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'It's showing now': Michigan's Franz Wagner putting two-way play on display

James Hawkins
The Detroit News

When Chaundee Brown arrived in Ann Arbor and went up against Franz Wagner for the first time, it didn’t take long for the sophomore wing to make a strong impression.

“Oh my god, he's a pro,” Brown said after Sunday’s win over Northwestern. “I feel like a lot of people don't really see that in him, but he's a pro.”

Wagner’s work ethic and skill set. The way he carries himself and maintains his body. All of it impressed Brown from the start.

Franz Wagner (21) had a career-high five blocked shots in Michigan's win over Northwestern on Sunday.

“He jokes around off the court but when he’s on the court, he's locked in, he’s serious,” Brown said. “Our first practice, me and him were going back and forth at it and I really like that because I saw the potential that he had. It's showing now.”

As No. 10 Michigan continues to get better and better with each passing game heading into Wednesday night’s tilt against No. 16 Minnesota, so does Wagner.

After a slow scoring start, Wagner is seemingly hitting his stride and has strung together three straight double-digit performances: season-high 20 points at Nebraska, 19 points at Maryland and 14 points against Northwestern.

While Wagner has continued to find success attacking the rim and finishing around the basket, he’s also found his 3-point shooting stroke, which adds another threat to Michigan’s potent offense. Over the past three games, Wagner is shooting 36.8% from beyond the arc (7-for-19) and has made at least two 3-pointers in each contest, something he did only once in the first six games.

“It’s not really much about the points for me. It’s more about getting the right shots, making the right decisions,” Wagner said. “I think I did a decent job (against Northwestern). I think I did a better job against Maryland, but it definitely helps a lot when some shots fall and you kind of get into a rhythm. Overall, it’s very hard to guard us when we move the ball like we did, move bodies like we did. That opens a lot of things for me and other people as well.”

More: 'It was beautiful': Rolling UM gets a boost seeing family in the stands

According to assistant coach Saddi Washington, it was only a matter of time before Wagner’s offense would pick up and his offseason work would show up.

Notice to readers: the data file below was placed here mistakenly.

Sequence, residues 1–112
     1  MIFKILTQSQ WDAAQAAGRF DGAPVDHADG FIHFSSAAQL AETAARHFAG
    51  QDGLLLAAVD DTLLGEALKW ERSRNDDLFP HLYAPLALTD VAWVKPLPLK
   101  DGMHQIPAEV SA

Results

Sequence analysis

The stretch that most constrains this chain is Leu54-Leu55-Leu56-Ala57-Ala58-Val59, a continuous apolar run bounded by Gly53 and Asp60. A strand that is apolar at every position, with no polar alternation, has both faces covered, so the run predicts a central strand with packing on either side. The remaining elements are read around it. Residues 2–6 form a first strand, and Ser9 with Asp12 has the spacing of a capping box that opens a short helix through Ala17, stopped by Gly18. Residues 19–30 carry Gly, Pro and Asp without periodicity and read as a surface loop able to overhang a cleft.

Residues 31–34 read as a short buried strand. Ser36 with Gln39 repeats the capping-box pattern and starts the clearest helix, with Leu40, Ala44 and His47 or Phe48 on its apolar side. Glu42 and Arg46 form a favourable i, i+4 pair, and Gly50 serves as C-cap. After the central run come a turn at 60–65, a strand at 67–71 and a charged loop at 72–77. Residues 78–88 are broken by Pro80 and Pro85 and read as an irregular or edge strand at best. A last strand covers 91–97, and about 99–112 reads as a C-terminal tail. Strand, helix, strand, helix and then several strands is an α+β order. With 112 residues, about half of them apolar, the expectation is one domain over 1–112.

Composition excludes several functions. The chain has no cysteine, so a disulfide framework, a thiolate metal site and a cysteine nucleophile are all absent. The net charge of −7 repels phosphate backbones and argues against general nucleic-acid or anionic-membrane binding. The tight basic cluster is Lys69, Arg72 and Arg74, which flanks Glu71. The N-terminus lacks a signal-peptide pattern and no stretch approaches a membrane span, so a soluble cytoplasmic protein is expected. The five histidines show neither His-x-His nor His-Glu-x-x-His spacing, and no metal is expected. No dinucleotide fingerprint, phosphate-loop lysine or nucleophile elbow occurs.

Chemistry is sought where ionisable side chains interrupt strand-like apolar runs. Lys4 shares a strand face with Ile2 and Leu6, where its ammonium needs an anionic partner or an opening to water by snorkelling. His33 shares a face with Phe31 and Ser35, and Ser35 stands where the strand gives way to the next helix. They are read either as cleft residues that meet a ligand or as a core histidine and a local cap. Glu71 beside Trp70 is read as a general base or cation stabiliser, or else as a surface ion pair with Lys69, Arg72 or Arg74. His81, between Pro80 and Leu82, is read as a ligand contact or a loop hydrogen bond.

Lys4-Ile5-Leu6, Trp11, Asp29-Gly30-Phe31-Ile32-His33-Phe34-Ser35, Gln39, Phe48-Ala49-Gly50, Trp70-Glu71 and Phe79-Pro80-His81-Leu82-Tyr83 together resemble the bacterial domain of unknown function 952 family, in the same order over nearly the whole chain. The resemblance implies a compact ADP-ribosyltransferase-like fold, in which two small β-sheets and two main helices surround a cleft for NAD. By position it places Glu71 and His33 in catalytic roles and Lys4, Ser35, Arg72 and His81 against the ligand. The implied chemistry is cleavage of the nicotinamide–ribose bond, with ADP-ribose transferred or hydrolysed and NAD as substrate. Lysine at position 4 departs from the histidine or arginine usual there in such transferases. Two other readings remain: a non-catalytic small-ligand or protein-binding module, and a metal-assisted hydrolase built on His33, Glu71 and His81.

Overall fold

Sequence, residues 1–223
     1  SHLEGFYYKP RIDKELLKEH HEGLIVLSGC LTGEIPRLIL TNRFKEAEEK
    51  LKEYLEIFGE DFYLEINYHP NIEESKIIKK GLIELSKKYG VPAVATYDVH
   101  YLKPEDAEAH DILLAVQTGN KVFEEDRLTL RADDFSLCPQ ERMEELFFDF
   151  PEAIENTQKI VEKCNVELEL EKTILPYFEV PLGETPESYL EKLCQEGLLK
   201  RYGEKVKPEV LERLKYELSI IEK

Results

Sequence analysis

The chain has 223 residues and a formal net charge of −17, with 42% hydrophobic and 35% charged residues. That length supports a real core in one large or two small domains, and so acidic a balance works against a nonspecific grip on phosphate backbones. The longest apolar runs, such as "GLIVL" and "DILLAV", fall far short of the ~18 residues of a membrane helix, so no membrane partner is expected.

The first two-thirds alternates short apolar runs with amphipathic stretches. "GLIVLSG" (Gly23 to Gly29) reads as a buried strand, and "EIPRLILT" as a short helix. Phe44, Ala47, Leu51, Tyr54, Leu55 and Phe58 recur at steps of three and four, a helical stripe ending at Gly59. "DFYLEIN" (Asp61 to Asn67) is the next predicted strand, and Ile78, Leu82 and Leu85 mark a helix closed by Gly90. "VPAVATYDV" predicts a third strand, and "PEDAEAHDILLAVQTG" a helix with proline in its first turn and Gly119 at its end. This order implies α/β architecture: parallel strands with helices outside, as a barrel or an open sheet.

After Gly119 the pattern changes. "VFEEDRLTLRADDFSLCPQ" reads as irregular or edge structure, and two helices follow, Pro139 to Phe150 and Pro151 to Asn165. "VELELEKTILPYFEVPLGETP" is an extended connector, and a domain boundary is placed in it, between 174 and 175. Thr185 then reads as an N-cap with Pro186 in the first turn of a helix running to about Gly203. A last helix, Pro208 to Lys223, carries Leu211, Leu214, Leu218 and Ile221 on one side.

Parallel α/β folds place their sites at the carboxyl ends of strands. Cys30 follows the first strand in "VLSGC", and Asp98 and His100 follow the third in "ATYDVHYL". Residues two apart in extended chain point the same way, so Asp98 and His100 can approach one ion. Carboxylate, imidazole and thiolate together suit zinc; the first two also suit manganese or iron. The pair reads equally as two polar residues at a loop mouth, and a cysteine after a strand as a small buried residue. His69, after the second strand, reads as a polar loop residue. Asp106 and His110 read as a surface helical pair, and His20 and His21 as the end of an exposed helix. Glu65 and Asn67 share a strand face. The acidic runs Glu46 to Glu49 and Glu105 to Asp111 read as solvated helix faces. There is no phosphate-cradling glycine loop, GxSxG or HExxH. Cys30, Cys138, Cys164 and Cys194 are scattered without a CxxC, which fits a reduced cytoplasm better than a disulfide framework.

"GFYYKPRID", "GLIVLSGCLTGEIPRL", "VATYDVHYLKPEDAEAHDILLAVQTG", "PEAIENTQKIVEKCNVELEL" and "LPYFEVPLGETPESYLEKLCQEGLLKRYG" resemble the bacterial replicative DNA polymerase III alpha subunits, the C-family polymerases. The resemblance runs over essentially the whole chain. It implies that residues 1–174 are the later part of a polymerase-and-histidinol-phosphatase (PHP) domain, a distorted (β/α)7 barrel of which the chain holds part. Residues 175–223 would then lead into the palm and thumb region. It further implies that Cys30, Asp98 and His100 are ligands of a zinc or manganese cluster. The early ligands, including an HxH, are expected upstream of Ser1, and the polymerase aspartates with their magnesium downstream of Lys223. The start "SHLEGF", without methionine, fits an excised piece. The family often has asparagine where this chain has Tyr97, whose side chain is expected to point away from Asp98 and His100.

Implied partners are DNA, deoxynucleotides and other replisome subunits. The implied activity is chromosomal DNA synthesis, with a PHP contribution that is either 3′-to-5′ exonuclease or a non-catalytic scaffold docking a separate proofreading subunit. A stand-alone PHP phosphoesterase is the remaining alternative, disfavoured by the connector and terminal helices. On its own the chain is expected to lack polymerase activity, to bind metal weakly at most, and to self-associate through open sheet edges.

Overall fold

“He made some great strides in this offseason to put himself in a position to where he is now,” Washington said Monday on the “Inside Michigan Basketball” radio show. “What people are seeing now in these last few games is what we've been seeing in the build-up in practice, in the nonconference and getting ready for the (Big Ten) season. This isn't a surprise to us at all.

“I think what people really should be taking notice is his two-way play, him being a two-way player. Because not only is he doing it on the offensive end, he's doing it at a pretty high level on the defensive end as well.”

That’s what impressed Michigan coach Juwan Howard the most of Wagner’s complete performance against Northwestern, one Howard wouldn’t say was Wagner’s best as a Wolverine because he’s “had so many good games, I’m not counting.”

In addition to the 14 points, Wagner stuffed the stat sheet with 10 rebounds, five assists and two steals. He also recorded a career-high five blocks, with two of those swats leading to a shot-clock violation turnover.

“Those blocks on their shooters, those blocks on protecting the basket, it was just inspiring,” Howard said. “His level of being locked on the attention to detail, locked in on the scouting report, studying his opponent, knowing their tendencies — the guy is an architect.”

Northwestern coach Chris Collins said Michigan’s size, physicality and length bothered the Wildcats, naming Wagner and citing his ability to challenge shots late several times.

Senior guard Eli Brooks and Brown have experienced similar struggles against Wagner in practice. Brown noted Wagner’s long arms, lateral footwork and ability to “beat you to the spot” make it tough to score against him, while Brooks said Wagner has done a better job of defending without fouling and making opponents score over his length.

It’s all played a role in Wagner’s goal to become one of the top two-way players in college basketball — a pursuit he’s starting to put on full display.

“He's been very serious from the start of making some steps forward on both sides of the ball coming into this season,” Washington said. “It's like when you come in as a freshman as skin and bones but then you start lifting weights and you start walking by the mirror and you start seeing yourself getting bigger and bigger. I think that's the same kind of thing that's happening with Franz right now.

“As his game is growing, he's looking like, 'Man, I can really get stops. I can really defend. I can really score the ball at all three levels.' Now it's fun to him because he's doing some things he wasn't doing previously and now he's seeing his game expand. We're the beneficiaries of it because he has that giving spirit and because he's willing to sacrifice and do it on both ends of the floor. He just wants to impact winning.”

No. 16 Minnesota at No. 10 Michigan

Tip-off: 8:30 p.m. Wednesday, Crisler Center, Ann Arbor

TV/radio: BTN/950

Records: Minnesota 10-2, 3-2 Big Ten; Michigan 9-0, 4-0

Outlook: This is the first of two matchups between the teams over a 10-day span. Michigan has won the past six meetings in Ann Arbor. …All five of Minnesota’s conference games have been against ranked foes and both of its losses have come on the road — at Illinois by 27 points and at Wisconsin by 12 points. The Gophers are led by redshirt junior guard Marcus Carr (22.1 points, 5.9 assists) and junior center Liam Robbins (14.2 points, 2.8 blocks).

jhawkins@detroitnews.com

Twitter: @jamesbhawkins